LONDON >> The prehistoric monument of Stonehenge in southern England was closed to visitors today after protesters staged a “mass trespass” against the British government’s road-building plans, including a new tunnel near the World Heritage Site.
The protesters, who described themselves as an alliance of local residents, ecologists, activists, archaeologists and pagans, gathered at Stonehenge around midday.
English Heritage, a national charity that manages hundreds of historic sites, soon after made the decision to close Stonehenge to visitors “due to unforeseen circumstances” and said it was against the law for anyone to enter the monument area without its consent.
“Whilst we respect people’s right to demonstrate peacefully, we do not condone behavior that disrupts and endangers the site and the people who visit or work here,” an English Heritage spokeswoman said.
The protest comes less than a month after the government backed the 1.7 billion-pound ($2.3 billion) tunnel plan. The tunnel near Stonehenge that is intended to ease traffic along a stretch of the A3030 highway that is widely prone to gridlock.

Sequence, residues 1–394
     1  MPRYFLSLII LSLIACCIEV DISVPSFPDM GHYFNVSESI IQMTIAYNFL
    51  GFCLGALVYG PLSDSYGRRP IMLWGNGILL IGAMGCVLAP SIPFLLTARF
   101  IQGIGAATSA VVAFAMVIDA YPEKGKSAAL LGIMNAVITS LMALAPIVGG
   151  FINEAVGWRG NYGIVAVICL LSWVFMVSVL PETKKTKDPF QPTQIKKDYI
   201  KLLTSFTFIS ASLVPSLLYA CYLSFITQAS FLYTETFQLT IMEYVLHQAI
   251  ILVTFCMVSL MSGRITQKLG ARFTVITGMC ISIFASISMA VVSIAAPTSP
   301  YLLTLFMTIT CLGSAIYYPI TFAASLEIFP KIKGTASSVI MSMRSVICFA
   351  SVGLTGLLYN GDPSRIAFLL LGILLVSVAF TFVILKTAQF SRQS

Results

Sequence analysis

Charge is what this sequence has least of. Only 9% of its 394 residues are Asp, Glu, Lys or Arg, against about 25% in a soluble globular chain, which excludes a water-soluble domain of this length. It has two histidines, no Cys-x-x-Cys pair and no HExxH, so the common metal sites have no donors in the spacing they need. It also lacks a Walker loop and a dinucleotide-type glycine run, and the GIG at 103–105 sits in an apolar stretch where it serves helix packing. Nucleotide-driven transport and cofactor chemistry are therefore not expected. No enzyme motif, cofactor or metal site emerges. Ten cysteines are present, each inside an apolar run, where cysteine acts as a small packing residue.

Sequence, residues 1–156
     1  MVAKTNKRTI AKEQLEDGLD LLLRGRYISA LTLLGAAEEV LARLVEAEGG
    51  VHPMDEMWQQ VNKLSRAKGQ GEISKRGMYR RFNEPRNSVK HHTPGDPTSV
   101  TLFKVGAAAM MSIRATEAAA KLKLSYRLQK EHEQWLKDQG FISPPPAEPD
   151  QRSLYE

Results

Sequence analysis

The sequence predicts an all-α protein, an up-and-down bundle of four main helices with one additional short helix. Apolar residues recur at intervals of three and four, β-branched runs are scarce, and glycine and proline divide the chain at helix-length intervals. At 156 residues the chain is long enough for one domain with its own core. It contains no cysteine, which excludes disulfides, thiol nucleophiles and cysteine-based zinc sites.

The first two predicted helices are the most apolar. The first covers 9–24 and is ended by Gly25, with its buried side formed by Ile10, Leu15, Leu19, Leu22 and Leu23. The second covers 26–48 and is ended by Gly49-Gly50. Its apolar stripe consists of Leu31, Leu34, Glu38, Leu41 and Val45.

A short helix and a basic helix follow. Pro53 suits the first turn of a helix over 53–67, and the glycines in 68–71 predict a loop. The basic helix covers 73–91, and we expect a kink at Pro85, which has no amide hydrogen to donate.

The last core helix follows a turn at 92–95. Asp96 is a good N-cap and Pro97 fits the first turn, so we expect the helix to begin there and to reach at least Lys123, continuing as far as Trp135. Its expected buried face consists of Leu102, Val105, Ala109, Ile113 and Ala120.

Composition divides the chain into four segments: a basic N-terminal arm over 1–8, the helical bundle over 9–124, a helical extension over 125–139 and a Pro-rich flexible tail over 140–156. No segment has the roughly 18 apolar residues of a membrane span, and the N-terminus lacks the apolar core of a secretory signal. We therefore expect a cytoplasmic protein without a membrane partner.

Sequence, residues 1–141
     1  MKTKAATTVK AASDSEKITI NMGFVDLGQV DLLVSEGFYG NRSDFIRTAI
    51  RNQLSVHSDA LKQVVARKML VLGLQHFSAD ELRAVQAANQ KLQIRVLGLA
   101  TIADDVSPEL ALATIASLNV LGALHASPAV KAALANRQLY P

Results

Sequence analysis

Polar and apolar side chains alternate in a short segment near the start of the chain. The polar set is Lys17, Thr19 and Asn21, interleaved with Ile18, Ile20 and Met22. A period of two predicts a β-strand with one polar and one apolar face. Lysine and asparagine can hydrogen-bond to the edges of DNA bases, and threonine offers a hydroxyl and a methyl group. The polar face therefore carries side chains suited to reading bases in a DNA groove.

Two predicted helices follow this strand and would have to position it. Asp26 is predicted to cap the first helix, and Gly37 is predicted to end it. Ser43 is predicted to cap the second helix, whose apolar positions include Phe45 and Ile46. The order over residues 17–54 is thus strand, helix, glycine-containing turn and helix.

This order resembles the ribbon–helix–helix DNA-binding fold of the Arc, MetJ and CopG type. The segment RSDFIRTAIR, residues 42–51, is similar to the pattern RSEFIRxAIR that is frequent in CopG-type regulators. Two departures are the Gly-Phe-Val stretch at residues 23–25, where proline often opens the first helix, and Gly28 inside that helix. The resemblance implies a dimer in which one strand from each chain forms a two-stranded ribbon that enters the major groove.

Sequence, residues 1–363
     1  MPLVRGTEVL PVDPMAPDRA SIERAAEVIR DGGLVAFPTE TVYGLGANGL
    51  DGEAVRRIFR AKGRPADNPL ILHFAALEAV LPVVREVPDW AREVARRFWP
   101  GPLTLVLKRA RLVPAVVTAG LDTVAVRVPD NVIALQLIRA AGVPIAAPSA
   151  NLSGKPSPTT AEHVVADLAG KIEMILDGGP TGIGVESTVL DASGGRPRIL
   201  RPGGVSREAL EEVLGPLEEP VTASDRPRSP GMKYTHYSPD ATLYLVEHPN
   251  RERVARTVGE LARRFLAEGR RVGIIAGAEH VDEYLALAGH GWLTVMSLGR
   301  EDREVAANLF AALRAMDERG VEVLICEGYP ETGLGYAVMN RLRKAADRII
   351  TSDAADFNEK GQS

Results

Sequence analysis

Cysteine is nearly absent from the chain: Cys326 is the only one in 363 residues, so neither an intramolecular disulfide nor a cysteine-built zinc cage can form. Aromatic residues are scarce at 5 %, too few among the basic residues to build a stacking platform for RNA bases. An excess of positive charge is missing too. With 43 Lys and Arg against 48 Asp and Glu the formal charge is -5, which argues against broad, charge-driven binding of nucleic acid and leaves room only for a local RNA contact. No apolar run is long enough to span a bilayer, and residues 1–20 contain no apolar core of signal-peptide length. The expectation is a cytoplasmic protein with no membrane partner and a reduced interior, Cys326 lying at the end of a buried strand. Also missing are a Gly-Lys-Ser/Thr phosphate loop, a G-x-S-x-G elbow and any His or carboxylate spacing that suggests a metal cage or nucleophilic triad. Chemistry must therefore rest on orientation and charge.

The decision has faced vociferous opposition from local residents as well as archaeologists. Opponents, who have launched a legal action against the project, say the tunnel will damage the environment, wildlife and potential archaeological finds underground.
The protesters are also voicing their worries about the government’s broader 27 billion-pound road-building program, which they say goes against its objectives to reduce greenhouse gases.
“This is the coming together of people who are saying we have had enough,” Dan Hooper, an environmental activist who is better known as Swampy. “Building more roads simply leads to more traffic and carbon.”
Stonehenge, which is one of the world’s most famous prehistoric monuments, was built on the flat lands of Salisbury Plain in stages, starting 5,000 years ago, with the unique stone circle erected in the late Neolithic period about 2,500 B.C.
The site’s meaning has been a subject of vigorous debate, some more seemingly outlandish than others. English Heritage notes several explanations over the centuries – from Stonehenge being a coronation place for Danish kings or a Druid temple to a cult center for healing or an astronomical computer for predicting eclipses and solar events.
The charity said the interpretation “most generally accepted is that of a prehistoric temple aligned with the movements of the sun.”